— Biden gets a good news-bad news job report: The government’s latest employment report defied economic forecasts and gave President Joe Biden a sudden burst of good news: a flood of new jobs, surging wages and more workers participating in the labor force, even as Omicron surged. Yet the stock market tumbled after the numbers were released. That’s because the report was so solid — 467,000 jobs were created in January and the totals were revised upward by more than 700,000 for the previous two months — that it provides more fuel for the Federal Reserve to raise interest rates. The Fed’s goal is to bring down inflation, but hiking borrowing costs could also slow economic growth.

— Pence rebukes Trump: ‘I had no right to overturn the election’: In a speech to the conservative Federalist Society, former Vice President Mike Pence rebuked his one time boss, Donald Trump, decrying the notion that he could have overturned the election results on the 45th president’s behalf. “Our Founders were deeply suspicious of consolidated power in the nation’s capital and were rightly concerned with foreign interference if presidential elections were decided in the capital,” Pence said. “But there are those in our party who believe that as the presiding officer over the joint session of Congress, I possessed unilateral authority to reject electoral college votes. And I heard this week, President Trump said I had the right to ‘overturn the election’. President Trump is wrong. … I had no right to overturn the election.”

— GOP censures Cheney, Kinzinger, moves to pull out of debates: Republican Party officials voted to punish GOP Reps. Liz Cheney and Adam Kinzinger for their work on the House committee investigating the Jan. 6 insurrection and advanced a rule change that would prohibit candidates from participating in debates organized by the Commission on Presidential Debates. GOP officials took a voice vote to approve censuring Cheney and Kinzinger at the Republican National Committee’s winter meeting in Salt Lake City. On Thursday, members of an RNC subcommittee decided to advance the censure resolution against the pair instead of calling for their expulsion from the party.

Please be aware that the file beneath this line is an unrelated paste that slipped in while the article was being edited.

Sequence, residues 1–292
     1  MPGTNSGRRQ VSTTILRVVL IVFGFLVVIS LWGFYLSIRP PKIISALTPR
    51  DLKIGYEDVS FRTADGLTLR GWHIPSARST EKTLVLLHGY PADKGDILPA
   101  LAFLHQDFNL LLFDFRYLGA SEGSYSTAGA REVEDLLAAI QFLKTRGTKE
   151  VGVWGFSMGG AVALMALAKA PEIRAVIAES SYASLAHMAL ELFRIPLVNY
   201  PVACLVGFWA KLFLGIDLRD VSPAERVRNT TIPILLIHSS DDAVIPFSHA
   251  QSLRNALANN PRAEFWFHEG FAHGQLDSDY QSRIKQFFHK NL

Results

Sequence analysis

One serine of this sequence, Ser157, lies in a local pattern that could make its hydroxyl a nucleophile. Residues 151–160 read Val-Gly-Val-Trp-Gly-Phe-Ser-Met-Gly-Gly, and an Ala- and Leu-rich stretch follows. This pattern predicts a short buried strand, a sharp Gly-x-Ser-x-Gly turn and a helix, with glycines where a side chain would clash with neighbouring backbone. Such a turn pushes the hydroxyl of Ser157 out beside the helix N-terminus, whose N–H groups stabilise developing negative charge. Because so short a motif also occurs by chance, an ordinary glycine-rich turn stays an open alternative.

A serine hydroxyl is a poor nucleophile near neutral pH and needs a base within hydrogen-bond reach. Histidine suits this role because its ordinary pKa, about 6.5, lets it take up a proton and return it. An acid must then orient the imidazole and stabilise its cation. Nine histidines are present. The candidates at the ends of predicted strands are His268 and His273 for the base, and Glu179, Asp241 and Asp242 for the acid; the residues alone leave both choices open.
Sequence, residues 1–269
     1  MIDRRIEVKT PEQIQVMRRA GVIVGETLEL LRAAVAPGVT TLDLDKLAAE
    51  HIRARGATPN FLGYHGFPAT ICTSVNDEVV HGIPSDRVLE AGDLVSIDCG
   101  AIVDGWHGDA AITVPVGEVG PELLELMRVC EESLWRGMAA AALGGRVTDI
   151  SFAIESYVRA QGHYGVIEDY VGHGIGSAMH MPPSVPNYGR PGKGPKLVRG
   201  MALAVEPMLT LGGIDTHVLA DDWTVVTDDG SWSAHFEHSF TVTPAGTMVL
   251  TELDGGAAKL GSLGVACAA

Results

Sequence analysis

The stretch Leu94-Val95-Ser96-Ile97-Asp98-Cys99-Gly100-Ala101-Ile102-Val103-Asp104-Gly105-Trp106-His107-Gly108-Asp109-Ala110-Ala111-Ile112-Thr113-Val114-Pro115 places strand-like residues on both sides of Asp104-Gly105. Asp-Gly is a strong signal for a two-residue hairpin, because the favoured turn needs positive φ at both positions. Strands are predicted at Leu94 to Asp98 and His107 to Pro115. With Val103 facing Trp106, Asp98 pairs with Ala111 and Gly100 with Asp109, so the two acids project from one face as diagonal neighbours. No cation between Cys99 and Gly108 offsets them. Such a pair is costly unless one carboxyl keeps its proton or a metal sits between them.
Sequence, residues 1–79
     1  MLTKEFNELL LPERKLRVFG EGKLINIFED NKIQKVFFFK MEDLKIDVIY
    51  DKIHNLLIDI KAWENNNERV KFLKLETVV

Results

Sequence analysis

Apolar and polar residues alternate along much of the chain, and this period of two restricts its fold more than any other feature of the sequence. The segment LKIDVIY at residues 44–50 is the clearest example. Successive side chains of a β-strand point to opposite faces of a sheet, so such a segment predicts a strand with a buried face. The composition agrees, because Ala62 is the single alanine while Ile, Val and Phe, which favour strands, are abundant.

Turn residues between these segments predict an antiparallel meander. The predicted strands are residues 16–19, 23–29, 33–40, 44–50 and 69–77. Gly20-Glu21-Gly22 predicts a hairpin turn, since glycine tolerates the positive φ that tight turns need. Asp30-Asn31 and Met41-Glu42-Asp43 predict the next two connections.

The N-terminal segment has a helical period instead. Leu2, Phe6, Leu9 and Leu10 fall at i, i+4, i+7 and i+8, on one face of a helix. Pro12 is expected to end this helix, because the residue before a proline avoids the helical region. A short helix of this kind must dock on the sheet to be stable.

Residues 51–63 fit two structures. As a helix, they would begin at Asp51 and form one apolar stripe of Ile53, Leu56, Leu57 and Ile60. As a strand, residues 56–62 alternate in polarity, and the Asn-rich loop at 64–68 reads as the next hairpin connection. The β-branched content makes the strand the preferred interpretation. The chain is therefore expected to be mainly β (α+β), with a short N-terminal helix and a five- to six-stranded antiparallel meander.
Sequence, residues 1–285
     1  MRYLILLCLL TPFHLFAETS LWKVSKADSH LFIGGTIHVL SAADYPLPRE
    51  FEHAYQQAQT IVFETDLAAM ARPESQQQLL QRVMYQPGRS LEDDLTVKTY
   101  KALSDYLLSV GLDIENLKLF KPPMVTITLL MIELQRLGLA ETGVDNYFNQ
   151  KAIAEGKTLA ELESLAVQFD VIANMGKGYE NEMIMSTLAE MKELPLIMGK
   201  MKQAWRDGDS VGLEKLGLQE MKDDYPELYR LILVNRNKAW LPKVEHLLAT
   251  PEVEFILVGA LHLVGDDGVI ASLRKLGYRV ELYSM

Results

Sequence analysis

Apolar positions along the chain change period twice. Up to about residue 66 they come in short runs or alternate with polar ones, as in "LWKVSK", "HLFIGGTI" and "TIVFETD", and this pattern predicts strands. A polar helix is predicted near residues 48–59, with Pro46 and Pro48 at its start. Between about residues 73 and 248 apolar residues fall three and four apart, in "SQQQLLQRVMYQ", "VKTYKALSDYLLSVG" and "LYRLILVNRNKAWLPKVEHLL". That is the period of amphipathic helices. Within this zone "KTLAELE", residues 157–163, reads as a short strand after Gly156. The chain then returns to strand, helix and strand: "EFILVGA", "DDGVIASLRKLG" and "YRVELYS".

— Michael Avenatti convicted of stealing from Stormy Daniels: Michael Avenatti was convicted of charges he cheated the porn actor Stormy Daniels out of nearly $300,000 she was supposed to get for writing a book about an alleged tryst with Trump. It was another crushing defeat for the California lawyer, who has faced a host of legal problems after briefly rising to fame as one of Trump’s leading antagonists on cable news early in his administration.

— CDC advisors recommend fully approved Moderna Covid vaccine: CDC’s independent vaccine advisory panel voted unanimously today to recommend Moderna’s two-dose Covid-19 vaccine series for all adults, following the FDA’s formal approval of the product. The recommendation sets up CDC Director Rochelle Walensky to give her endorsement and give the US two fully licensed vaccines in its Covid arsenal.

LET A WILD GAMES BEGIN — International Olympic Committee President Thomas Bach urged world leaders to “give peace a chance” at the outset of the Winter Games in Beijing — an apparent nod to the ongoing security crisis along Ukraine’s borders and Western criticism of China’s human rights abuses.

“In our fragile world — where division, conflict and mistrust are on the rise — we show the world, yes, it is possible to be fierce rivals while at the same time living peacefully and respectfully together,” Bach said in an address at the games’ opening ceremony, which was attended by Russian President Vladimir Putin and Chinese President Xi Jinping.

“In this Olympic spirit of peace,” Bach added, “I appeal to all political authorities across the world: Observe your commitment to this Olympic truth. Give peace a chance.”

Bach’s remarks come as tensions continue to escalate in Eastern Europe, where Russia has massed roughly 100,000 troops around Ukraine in a military build-up that has sparked concern in the United States and other NATO nations.

PITCH IMPERFECT — Salt Lake City’s pitch this week for the 2024 Republican National Convention seemed to be going well. There were helicopter rides, Wagyu steaks and tours of facilities built for the 2002 Winter Olympics.

Then the local TV weatherman took the floor Tuesday at the host committee’s luncheon. After talking about the region’s ideal summer weather and low humidity compared to the three other finalist cities — Milwaukee, Nashville and Pittsburgh — he began showing footage of ping-pong ball-sized hail and flood waters gushing through the city as trash bins floated along.

He brought up the tornado of August 1999 — assuring the RNC site selection committee members that only one person died in the event.

Some in the audience watched “aghast,” said one member of the committee, which is tasked with selecting the city that will host the party’s next presidential nominating convention. The member, who asked not to be identified, chuckled recounting the presentation — as did three other people present at the luncheon.

The Salt Lake City weather pitch wasn’t the only wrinkle in the RNC’s convention city selection process in recent days. Pittsburgh’s prospects suddenly nosedived. Nashville’s odds skyrocketed. A location announcement for the GOP’s summer 2024 convention isn’t expected to come until the RNC summer meeting in August, when the full body will likely vote to affirm the site selection committee’s decision.